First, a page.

It should be noted that while Horne has apparently worked to broaden the book's geographic coverage, there remains a heavy emphasis on the development of tourism in the Blue Mountain region of New South Wales. Other examples she draws upon include Victoria's Dandenong Ranges, Mount Wellington In Tasmania, and the Yanchep and Yallingup Caves in Western Australia, but the text continually returns to the Blue Mountains for its most detailed examples and discussion, and it is only for the Blue Mountains that Horne provides an account of the development of tourist activity generally as opposed to focussing on particular sites.

Concerned as it is with nineteenth century tourism there are only occasional hints in The Pursuit of Wonder of some of the darker aspects of tourism and environmental management that emerged during the course of the Twentieth Century. Horne opens the book with a brief reflection on the sad fate of Fernshaw (as the name suggests, renowned for its display of tree ferns) in the Dandenong Ranges, and elsewhere we glimpse that even in the nineteenth century the detritus and refuse of tourism were becoming a problem and that battles over competing land use interests were already emerging. On the whole though this is a positive if not triumphal narrative, recalling as it does a time when the interests of science and popular spectacle went hand in hand, and when 'mass' was yet to become permanently wedded to 'tourism'.

With its focus on tourism which consciously engaged with spectacular landscapes that conformed to specific 'imported' ideals -- and Horne does well in describing how difficult it was to make some aspects of Australian landscapes measure up -- The Pursuit of Wonder raises the need for a related study. That is, one which looks at how the types of scenery which are now thought of as quintessentially 'Australian' developed their attraction to tourists. How did we learn to love the Bungle Bungles, adore the Rock and embrace the inland? And where did we find the language and the imagery to describe natural wonders that fell outside our inherited experience of the picturesque?

The Pursuit of Wonder deserves a wide readership amongst not only students of tourism, but also amongst those interested in the wider issue of non-indigenous Australians and their curious relationship with their natural environment. In addition to the author's achievement, some credit is also due to Miegunyah Press, a Melbourne University Press imprint. The Pursuit of Wonder is generously and handsomely illustrated and stylishly designed. Retailing at under forty dollars it provides excellent value.

Citation

  • Paul Genoni. 'Review: The Pursuit of Wonder: How Australia's landscape was explored, nature discovered and tourism unleashed by Julia Horne' [online]. Network Review of Books (Perth, Australian Public Intellectual Network), January 2006. Availability: <please cite the web address here> ISSN 1833-0932. [accessed 01 August 2014].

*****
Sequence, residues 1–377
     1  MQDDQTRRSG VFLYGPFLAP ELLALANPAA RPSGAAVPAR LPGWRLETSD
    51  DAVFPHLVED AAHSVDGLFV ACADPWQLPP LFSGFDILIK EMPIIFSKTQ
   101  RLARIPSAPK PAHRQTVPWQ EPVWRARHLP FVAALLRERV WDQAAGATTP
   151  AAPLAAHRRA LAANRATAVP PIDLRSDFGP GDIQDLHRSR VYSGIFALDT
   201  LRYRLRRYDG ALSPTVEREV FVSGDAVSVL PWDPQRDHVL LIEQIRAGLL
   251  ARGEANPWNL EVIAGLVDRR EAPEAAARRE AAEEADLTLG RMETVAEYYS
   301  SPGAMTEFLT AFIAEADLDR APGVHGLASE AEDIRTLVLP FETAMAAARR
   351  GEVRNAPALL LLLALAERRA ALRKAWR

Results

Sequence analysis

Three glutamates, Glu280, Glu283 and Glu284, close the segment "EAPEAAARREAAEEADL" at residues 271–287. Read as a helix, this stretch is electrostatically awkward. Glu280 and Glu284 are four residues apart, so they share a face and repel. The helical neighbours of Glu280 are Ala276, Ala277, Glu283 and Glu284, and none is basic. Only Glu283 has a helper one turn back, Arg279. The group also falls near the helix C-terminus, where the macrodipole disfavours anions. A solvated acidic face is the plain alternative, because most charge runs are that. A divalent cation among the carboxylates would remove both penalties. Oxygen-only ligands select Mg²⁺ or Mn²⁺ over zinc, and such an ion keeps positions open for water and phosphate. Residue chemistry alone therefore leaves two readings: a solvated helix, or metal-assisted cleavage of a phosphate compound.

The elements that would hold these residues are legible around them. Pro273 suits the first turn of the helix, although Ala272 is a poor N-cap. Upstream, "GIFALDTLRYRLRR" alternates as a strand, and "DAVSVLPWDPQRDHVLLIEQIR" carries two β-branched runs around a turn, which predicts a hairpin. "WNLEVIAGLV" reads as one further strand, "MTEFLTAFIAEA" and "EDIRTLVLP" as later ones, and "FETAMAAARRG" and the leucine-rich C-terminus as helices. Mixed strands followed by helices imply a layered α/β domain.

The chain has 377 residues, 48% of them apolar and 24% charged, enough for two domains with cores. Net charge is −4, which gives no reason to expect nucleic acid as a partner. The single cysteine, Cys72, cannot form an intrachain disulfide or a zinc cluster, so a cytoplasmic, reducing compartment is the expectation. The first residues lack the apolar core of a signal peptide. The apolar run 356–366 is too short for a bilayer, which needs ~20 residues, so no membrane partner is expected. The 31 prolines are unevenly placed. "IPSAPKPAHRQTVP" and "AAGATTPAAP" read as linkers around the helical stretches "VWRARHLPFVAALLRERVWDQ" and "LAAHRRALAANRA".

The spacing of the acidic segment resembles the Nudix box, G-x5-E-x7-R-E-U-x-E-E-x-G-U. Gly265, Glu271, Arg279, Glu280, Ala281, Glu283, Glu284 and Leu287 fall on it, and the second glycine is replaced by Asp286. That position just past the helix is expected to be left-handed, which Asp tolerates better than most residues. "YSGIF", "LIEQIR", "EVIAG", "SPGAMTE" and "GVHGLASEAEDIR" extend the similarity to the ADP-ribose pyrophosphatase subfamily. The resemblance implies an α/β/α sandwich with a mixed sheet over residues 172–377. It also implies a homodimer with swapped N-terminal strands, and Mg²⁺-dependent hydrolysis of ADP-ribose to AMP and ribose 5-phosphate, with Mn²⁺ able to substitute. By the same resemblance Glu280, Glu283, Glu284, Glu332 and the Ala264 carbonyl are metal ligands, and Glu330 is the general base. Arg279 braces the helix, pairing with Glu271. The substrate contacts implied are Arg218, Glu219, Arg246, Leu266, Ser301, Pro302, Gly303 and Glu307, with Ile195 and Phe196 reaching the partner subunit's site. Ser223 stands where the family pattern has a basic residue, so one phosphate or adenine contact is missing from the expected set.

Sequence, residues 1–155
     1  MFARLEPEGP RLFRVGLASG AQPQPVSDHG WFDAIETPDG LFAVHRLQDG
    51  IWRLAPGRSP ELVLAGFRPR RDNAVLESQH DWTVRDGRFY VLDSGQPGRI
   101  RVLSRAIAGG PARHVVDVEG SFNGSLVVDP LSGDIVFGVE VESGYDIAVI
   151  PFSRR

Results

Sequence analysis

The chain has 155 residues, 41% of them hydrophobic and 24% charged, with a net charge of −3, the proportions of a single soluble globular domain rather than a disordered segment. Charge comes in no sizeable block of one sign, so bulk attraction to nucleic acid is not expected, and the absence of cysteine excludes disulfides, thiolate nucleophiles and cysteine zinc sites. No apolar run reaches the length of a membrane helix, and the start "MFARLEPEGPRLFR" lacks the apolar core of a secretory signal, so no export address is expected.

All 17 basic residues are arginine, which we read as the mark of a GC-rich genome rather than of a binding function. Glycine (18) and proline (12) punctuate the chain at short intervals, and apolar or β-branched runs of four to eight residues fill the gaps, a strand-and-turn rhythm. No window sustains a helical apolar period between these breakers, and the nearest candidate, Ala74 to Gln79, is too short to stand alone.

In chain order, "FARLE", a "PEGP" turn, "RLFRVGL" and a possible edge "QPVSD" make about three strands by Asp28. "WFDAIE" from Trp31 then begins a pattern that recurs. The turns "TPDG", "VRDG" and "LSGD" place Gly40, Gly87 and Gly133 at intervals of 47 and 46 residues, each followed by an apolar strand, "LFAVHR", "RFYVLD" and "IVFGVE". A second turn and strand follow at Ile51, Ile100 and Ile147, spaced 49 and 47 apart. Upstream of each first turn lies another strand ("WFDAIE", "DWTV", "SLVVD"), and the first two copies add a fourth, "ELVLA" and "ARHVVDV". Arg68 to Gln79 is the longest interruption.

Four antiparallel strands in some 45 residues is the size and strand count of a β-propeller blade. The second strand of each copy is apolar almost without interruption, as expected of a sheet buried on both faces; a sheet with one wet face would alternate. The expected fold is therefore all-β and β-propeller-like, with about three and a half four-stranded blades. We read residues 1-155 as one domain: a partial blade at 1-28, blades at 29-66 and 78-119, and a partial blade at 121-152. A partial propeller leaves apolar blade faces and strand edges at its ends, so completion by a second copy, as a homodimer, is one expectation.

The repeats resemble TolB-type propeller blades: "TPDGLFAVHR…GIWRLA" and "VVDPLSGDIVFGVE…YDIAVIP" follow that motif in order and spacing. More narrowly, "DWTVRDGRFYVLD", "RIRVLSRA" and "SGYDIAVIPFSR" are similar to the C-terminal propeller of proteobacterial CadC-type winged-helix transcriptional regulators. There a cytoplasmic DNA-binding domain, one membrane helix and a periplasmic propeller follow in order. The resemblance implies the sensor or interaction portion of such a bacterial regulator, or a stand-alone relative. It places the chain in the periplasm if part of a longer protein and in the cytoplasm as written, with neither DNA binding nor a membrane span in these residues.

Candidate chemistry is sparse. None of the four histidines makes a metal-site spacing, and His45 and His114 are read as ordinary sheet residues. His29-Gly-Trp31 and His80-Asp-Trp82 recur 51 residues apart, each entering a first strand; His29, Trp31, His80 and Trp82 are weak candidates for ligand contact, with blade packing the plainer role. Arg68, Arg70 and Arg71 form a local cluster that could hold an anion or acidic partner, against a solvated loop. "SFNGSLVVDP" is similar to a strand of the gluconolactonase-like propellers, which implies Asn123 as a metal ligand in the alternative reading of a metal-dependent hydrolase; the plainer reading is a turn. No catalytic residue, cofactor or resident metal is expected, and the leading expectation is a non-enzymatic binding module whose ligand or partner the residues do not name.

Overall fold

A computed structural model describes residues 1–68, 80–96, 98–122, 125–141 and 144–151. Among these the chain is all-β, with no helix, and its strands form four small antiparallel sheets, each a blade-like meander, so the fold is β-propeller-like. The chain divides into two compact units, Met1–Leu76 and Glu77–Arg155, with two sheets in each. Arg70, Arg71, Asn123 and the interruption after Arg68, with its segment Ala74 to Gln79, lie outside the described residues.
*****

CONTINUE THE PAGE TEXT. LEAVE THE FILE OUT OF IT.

Back Cover Blurb

  • Imagine an Australia before the tour buses and well-trodden bushwalks, a wild and often daunting country that did not easily yield the secrets of its natural beauty.

    Imagine an Australia before the tour buses and well-trodden bushwalks, a wild and often daunting country that did not easily yield the secrets of its natural beauty. Into this landscape early Europeans ventured, 'discovering' nature at its most Romantic-sublime lakes, ancient mountain ranges, awe-inspiring caves and plunging waterfalls. Scenery that is now a familiar part of the Australian landscape-the Blue Mountains and the Jenolan Caves in New South Wales, Lake St Clair in Tasmania and Wilsons Promontory in Victoria, Mount Tamborine in Queensland and Mount Lofty in South Australia-stirred in these visitors a sense of awe.

    The Pursuit of Wonder follows colonial tourists such as Lachlan and Elizabeth Macquarie, Eugen von Guérard and Louisa Atkinson as they rolled up their sleeves or loosened their corsets in pursuit of nature. Imagining herself in their dusty shoes, historian Julia Horne explores the beginnings of environmental tourism, and the influence of European ideas of travel, nature and art on the Australian landscape. She eloquently demonstrates that it was not only the untouched nature of the places these early tourists visited but the visitors' own cultural conditioning that unleashed such a powerful response in them to Australia's rugged beauty, as shown in their travel writings, sketches and paintings.

    Richly illustrated, The Pursuit of Wonder is a celebration of travel in its many rambling, striving, inspiring guises and a revelation of a natural world that we now take for granted. Rediscover the wonder.

Have You Also Read?

  • The Global Reach of Empire

    imageAlan Frost, Carlton: The Miegunyah Press, 2003, 384 Pages, Hardcover, $59.95
    Reviewed by Kate Darian-Smith in the November 2003 issue.

    In the conclusion to his book, The Global Reach of Empire, Alan Frost reflects on the proposition -- commonplace from the mid-nineteenth century until after the second world war -- that the sun would never set on the British Empire. 'If', writes Frost, 'in a dim classroom a globe were set turning from left to right, a light shone steadily upon it would pick out continental bands, intermediate splashes and oceanic speckles of red, thereby demonstrating vividly this proposition's manifest truth' (p 314). In the mid-eighteenth century, however, the reach of Britain's ability to operate on the seas could not be described, in any literal sense, as global. Rather, it was confined to a ... read more.
     



 
Network Review of Books

NRB January 2006